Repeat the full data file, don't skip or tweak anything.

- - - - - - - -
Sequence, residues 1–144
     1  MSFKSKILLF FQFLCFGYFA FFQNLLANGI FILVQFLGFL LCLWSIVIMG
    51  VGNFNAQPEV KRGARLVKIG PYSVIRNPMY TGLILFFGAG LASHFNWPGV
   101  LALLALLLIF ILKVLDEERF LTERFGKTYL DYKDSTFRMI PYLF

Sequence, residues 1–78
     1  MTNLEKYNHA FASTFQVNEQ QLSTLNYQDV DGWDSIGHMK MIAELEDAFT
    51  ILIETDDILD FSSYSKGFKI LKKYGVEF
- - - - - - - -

Sequence, residues 1–144
     1  MSFKSKILLF FQFLCFGYFA FFQNLLANGI FILVQFLGFL LCLWSIVIMG
    51  VGNFNAQPEV KRGARLVKIG PYSVIRNPMY TGLILFFGAG LASHFNWPGV
   101  LALLALLLIF ILKVLDEERF LTERFGKTYL DYKDSTFRMI PYLF

Sequence, residues 1–78
     1  MTNLEKYNHA FASTFQVNEQ QLSTLNYQDV DGWDSIGHMK MIAELEDAFT
    51  ILIETDDILD FSSYSKGFKI LKKYGVEF